It turned out to be (mostly) a good idea. For one thing, the shower had seven heads set in the wall and you could blast yourself, a great luxury after five years of the weak stream from the handheld hose in The Slum. I washed the last dust of the place off of me and met E and J for a glass of wine in the center of town.
As we walked afterwards, I passed a new place I'd looked at that had pig's foot and lentils as a daily special. I'd already decided on Le Chat Perché for my last meal on Sunday, so a couple of hours after I'd parted with E and J, I walked back up and got a table. Which, for Saturday night, was ominous: someone right off the street could get seated. Of course, there was only one of me, and sometimes that's a lot easier.
The meal was definitely okay: an odd "beef pâté" was followed by that pig's foot, which just hit the spot. The lentils were perfectly cooked with some carrots hiding in them, and I just wish I'd remembered about the tough layer of skin that always accompanies this cut, because I tried to eat it. It's not strictly the foot of the pig, but a nearby area, what Berliners call Eisbein. The one thing I didn't like at all about the restaurant was that instead of a wine card, they had a bunch of bottles you could choose from. I didn't know half of them, and the kind of wording one often finds on a card would have helped. As would not having to unwedge myself from my seat and wander out into the entryway. The place looks kind of understaffed (or maybe it was Sunday that did it), but despite their odd location on an almost-hidden street, I hope they have what it takes to make it. Nice folks
La Poule au Pot, 8 rue Collot, 34000 Montpellier, 04 67 86 96.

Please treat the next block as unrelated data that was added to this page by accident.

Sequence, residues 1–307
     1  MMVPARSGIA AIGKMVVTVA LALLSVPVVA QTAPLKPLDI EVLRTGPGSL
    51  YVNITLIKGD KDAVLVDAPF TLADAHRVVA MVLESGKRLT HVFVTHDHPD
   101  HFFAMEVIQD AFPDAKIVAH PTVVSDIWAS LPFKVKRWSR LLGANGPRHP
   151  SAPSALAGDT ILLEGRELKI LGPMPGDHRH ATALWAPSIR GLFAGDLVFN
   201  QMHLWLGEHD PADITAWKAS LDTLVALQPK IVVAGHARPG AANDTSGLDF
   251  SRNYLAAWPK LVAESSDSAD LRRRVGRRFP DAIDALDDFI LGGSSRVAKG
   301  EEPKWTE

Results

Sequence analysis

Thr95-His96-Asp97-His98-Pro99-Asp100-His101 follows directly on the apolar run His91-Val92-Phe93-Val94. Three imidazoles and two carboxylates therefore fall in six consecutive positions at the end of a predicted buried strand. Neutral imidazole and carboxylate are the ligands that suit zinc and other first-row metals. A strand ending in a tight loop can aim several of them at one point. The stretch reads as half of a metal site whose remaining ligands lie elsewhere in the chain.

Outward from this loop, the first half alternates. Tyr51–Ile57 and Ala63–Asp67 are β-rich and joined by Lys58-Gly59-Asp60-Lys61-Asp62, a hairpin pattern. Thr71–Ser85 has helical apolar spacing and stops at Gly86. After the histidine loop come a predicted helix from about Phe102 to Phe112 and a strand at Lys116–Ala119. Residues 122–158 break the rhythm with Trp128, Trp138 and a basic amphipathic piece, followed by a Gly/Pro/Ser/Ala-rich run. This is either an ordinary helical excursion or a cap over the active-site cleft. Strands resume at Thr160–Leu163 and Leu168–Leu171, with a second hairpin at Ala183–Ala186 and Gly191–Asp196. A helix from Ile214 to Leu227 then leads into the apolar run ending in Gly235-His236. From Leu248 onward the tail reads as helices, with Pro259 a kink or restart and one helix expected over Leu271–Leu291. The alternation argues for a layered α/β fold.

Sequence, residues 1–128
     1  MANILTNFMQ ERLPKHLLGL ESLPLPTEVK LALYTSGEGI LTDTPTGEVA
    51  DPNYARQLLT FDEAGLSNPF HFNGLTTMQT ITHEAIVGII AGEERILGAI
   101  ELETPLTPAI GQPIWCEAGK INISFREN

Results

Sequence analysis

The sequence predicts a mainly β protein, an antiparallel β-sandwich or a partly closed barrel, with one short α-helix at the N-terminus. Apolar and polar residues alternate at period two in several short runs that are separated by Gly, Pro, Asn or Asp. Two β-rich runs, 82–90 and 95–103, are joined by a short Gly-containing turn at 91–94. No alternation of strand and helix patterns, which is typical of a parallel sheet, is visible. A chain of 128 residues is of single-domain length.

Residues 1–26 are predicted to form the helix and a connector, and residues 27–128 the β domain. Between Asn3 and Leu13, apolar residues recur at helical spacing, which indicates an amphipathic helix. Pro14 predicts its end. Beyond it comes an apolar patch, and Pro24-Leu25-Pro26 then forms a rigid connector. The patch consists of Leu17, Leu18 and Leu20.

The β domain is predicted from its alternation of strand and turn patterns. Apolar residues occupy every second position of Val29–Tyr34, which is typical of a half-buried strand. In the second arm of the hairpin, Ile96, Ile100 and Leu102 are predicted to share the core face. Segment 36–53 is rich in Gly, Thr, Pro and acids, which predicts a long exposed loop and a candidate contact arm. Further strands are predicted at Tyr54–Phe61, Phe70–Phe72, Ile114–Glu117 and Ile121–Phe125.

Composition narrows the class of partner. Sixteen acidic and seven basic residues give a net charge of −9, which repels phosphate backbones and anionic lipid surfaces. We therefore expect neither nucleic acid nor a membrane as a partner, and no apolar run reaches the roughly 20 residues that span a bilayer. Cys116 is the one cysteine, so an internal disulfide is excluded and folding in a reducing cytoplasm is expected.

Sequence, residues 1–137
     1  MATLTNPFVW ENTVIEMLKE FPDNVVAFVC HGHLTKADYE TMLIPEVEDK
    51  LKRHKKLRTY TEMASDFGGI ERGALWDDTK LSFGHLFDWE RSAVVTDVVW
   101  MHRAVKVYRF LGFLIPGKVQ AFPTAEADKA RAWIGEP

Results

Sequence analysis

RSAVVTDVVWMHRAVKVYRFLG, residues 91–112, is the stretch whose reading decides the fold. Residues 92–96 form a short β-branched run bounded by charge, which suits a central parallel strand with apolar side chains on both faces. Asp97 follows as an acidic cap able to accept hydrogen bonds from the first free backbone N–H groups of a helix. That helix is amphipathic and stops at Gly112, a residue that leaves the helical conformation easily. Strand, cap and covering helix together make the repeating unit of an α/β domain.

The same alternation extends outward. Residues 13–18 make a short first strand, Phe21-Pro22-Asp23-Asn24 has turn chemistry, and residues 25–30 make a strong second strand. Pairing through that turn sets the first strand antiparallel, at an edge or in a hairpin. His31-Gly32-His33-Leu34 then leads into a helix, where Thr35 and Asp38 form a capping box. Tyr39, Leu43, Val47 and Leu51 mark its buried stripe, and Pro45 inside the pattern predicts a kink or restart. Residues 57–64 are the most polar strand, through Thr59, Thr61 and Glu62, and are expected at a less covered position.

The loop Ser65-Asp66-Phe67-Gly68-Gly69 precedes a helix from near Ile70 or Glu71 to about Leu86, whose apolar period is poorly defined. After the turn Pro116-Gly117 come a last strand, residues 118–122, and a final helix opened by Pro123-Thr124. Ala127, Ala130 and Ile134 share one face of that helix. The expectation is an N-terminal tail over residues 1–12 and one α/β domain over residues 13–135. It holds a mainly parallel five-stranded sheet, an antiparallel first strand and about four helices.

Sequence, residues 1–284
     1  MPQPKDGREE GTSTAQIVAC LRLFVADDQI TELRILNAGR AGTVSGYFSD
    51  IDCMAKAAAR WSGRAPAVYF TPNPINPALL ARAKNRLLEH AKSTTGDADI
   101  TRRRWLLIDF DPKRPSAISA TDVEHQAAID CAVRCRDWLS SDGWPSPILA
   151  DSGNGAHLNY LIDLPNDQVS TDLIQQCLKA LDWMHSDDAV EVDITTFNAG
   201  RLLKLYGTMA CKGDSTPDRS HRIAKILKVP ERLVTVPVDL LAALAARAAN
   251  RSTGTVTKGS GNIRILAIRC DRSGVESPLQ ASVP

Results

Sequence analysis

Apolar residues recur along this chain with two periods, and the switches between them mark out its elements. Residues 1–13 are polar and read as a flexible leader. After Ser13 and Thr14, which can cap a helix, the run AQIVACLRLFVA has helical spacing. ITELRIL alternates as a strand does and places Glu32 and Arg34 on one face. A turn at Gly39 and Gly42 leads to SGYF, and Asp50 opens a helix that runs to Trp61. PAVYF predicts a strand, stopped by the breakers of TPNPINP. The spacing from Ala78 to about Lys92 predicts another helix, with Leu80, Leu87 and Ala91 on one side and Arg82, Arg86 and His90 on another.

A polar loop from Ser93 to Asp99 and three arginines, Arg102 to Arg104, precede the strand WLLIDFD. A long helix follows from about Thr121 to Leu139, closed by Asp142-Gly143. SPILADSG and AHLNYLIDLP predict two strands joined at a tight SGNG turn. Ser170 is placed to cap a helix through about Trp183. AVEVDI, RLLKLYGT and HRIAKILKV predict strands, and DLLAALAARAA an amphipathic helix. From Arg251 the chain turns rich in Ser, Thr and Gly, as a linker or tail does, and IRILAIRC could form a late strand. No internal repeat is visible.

* * *
If I have a complaint about the hotel, it's that the proprietor is something of a fussbudget, and an opinionated one at that. The next day, when I asked him to get me a reservation at the Chat, he refused. "I don't like that place," he said. "Go to Le Grillardin. It's traditional. Or Bistrot Gourmand!" He could not fathom that I'd lived in Montpellier for five years and knew my way around, and had my own opinions, one of which is that Le Grillardin is overpriced and not very interesting. He pulled down a restaurant guide and began noting how few places were open on Sunday. I insisted that the Chat was open 7/7, so he called, got no answer after a few rings, and hung up. He then called Bistrot Gourmand, got their machine, and made a reservation for me. The punch line is that I wandered down there -- they're close neighbors -- and neither restaurant was open. I guess the Chat goes 6/7 in the winter, because I've certainly dined there on Sundays. I wound up at a hamburger/steak joint that was heaving despite it being 9:30. There are advantages to being the only game in town. And, to be honest, it wasn't bad: a plate of local charcuterie that was great followed by an odd disc of lamb, with a tender piece in the center, and a lot of seasoned ground lamb surrounding it, held in place (it had obviously been sliced off a larger sausage-shaped piece) with a ring of fat, which crusted up nicely during the roasting. A medley of winter vegetables -- carrots, turnips, pearl onions -- roasted in duck fat reminded me of the season.
Chez Boris, 20 rue de l'Aiguillerie, 34000 Montpellier, 04 67 02 13 22
* * *
The next morning at 9:24 I got on the TGV for Paris, scolded by the train guard for almost missing it. They're redoing the Montpellier station, and direct access to the trains is through one door, which sends you downstairs, then up to the right track. (No moving band for luggage, no escalator). The stairway to the track I needed was blocked at both ends, but the guy in front of me kicked it aside and hurdled the top barricade. I more modestly kicked it until I could squeeze myself and my luggage through. When I got there, I saw there was an open area leading directly from the street to that track. No signs, of course.
My seat was backward-facing, which I don't much like, but it did give me the chance to see the town slide away one more time. I forgot to look for Pic St. Loup and l'Hortus, but I'm sure they'll still be there when I return.